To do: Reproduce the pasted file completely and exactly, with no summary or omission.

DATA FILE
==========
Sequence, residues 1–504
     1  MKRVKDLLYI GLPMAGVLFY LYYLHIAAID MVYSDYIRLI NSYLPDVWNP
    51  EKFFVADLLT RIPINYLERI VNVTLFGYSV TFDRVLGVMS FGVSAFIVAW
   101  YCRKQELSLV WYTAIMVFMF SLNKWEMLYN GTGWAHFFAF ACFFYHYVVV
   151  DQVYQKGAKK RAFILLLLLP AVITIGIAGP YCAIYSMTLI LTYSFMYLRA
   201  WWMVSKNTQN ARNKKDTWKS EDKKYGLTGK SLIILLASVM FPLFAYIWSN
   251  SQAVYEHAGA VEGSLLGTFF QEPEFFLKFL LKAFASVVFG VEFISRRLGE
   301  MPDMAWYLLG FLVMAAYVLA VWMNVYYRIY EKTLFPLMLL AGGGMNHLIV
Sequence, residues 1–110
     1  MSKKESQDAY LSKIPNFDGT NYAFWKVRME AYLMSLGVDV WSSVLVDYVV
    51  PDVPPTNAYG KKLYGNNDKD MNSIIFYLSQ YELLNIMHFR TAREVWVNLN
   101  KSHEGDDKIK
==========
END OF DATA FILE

Sequence, residues 1–504
     1  MKRVKDLLYI GLPMAGVLFY LYYLHIAAID MVYSDYIRLI NSYLPDVWNP
    51  EKFFVADLLT RIPINYLERI VNVTLFGYSV TFDRVLGVMS FGVSAFIVAW
   101  YCRKQELSLV WYTAIMVFMF SLNKWEMLYN GTGWAHFFAF ACFFYHYVVV
   151  DQVYQKGAKK RAFILLLLLP AVITIGIAGP YCAIYSMTLI LTYSFMYLRA
   201  WWMVSKNTQN ARNKKDTWKS EDKKYGLTGK SLIILLASVM FPLFAYIWSN
   251  SQAVYEHAGA VEGSLLGTFF QEPEFFLKFL LKAFASVVFG VEFISRRLGE
   301  MPDMAWYLLG FLVMAAYVLA VWMNVYYRIY EKTLFPLMLL AGGGMNHLIV
Sequence, residues 1–110
     1  MSKKESQDAY LSKIPNFDGT NYAFWKVRME AYLMSLGVDV WSSVLVDYVV
    51  PDVPPTNAYG KKLYGNNDKD MNSIIFYLSQ YELLNIMHFR TAREVWVNLN
   101  KSHEGDDKIK